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Kathy Bradley - Seeking dragons when we map out our lives
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    Ancient maps often labeled uncharted, unexplored regions with the simple phrase, “Where Dragons Lie.”
    Last night, needing to think, needing to mull over, chew on, process the events of the last few days, I sat on the deck and watched the light fade. The sun had vanished beneath the horizon and the sky was washed in the pale chic pastels of a Pottery Barn nursery. There was a breeze coming from the east and the wind catcher, a pendulum hanging from the center of the wind chimes, whirled like a dervish in a tight spiral. The high-pitched bell song echoed out into the branch, a small stone making ripples in a small pond.
    Where Dragons Lie.
    I had just watched, at the suggestion of a friend, a science fiction television show in which a planet was discovered on which life could be maintained only inside a dome. The air and water quality outside had been so contaminated by centuries of industrial growth that life could not be maintained there; the people living in the dome, however, were content. Outside the dome, the area beyond which their maps had been drawn, was of no consequence to them. But, unknown to them, the dome was shrinking.
    Where Dragons Lie.
    Out of the corner of my eye I could see a jagged streak of heat lightning, bright orange like a hazmat suit. A mockingbird glided through the carport and came to rest on the deck rail, stayed long enough to make sure that I knew he was ignoring me and flew away. I noticed that the lavender I had grown from seed was a little taller, that the zinnias were healthy, that one of the hummingbird feeders would need more food soon.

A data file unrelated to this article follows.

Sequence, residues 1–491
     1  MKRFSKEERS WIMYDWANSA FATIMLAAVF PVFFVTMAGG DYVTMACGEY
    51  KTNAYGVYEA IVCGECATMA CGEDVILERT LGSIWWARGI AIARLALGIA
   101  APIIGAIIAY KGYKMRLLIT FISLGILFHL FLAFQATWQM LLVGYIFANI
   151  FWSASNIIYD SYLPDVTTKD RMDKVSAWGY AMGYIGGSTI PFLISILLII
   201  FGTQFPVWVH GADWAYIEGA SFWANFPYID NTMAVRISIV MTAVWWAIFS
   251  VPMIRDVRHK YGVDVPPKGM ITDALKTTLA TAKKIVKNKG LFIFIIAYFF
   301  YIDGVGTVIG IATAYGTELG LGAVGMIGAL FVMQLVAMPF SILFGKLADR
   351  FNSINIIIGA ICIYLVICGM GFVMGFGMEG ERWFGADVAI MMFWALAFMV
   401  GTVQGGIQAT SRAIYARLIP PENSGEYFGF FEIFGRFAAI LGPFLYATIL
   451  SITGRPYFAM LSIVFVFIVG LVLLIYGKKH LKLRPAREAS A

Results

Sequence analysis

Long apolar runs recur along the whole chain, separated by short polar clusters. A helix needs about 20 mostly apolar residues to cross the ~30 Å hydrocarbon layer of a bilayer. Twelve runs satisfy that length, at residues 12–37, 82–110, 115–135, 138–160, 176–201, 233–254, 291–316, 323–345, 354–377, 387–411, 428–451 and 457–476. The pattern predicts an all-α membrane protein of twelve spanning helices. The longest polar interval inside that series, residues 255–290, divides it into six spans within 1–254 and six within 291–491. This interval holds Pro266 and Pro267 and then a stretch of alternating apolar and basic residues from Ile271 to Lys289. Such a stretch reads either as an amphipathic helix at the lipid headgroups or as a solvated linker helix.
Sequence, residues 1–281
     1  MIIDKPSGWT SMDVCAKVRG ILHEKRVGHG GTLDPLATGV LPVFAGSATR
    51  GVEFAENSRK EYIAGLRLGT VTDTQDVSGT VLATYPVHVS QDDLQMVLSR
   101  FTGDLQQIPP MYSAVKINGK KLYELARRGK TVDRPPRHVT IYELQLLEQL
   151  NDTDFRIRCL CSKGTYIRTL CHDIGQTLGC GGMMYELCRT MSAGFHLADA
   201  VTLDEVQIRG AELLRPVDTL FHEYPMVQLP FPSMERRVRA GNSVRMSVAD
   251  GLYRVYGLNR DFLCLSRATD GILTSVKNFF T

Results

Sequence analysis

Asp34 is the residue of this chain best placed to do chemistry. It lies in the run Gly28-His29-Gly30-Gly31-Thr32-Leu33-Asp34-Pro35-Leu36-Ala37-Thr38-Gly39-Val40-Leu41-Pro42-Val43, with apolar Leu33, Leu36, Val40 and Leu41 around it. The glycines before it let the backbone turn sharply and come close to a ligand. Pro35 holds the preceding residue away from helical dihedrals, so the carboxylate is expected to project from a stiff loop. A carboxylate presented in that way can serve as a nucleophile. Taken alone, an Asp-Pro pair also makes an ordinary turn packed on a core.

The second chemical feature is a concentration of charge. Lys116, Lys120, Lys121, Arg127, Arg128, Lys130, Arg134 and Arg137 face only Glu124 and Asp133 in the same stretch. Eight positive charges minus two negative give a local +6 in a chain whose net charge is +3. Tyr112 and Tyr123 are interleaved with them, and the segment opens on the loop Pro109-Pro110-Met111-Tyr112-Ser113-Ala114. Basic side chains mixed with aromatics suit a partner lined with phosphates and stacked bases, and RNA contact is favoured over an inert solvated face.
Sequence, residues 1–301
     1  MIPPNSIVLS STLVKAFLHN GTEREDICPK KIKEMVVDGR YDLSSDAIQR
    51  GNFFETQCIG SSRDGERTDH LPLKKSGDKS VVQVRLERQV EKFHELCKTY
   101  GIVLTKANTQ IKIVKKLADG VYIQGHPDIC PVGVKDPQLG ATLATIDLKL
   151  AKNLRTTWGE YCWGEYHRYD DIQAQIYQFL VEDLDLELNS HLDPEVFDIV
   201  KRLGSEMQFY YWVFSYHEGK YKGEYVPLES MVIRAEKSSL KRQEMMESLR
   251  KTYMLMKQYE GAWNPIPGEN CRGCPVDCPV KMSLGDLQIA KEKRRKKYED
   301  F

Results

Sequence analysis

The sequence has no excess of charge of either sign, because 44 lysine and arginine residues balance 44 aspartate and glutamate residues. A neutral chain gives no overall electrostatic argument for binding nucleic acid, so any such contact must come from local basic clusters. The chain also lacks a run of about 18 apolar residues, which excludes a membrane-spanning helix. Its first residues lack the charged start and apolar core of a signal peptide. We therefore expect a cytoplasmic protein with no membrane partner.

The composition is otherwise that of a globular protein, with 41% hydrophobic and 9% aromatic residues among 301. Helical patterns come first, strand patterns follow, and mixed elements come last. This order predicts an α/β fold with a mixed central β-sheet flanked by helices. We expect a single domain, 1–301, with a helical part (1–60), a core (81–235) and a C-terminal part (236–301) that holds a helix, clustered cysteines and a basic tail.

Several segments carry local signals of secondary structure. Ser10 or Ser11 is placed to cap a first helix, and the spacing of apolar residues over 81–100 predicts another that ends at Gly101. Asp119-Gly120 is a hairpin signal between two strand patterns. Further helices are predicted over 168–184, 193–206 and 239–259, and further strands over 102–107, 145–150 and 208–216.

The crickets and frogs began singing and I realized that I’d not done much thinking, mulling or chewing. Realized that as the day had wound down around me, gotten slower, gotten cooler, gotten quieter that so had my thoughts. And in the quietness I realized that the answer to my dilemma lay at the edges of the map.
    We are the cartographers of our own lives. We are handed a compass, a quill and a few sheets of parchment and told to, “Go.”
    For much of my life I carried mine around in a field jacket and spent my time navigating by the maps that other had made. I picked up those maps at school and at church, at Girl Scouts and summer camp. I tore them out of books and magazines. I picked up several pockets full from my family. And, for the most part, I had a pretty good time. I saw lots of tourist attractions, read lots of historical markers, had my picture made in front of a lot of monuments.
    But one day, while stuffing yet another ticket stub into my pocket, I found the compass. Lying in the palm of my hand, its needle quivered and so did my heart. With no hesitation, I threw away the others’ maps and set out.
    I could have stayed. I could have continued building my dome, making it self-sufficient, brain-washing myself into believing that the curve above my head was real sky, but eventually the dome would have started shrinking and so would I.
    Some people are born running toward the edge, ready to explore and excavate. Most of us aren’t. Most of us believe in dragons.
    I felt a bug bite of some kind and knew it was time to go inside. One more glance around the night landscape. One more deep breath of midsummer air. One more sigh of gratitude for the compass that pointed the way to where dragons lie.
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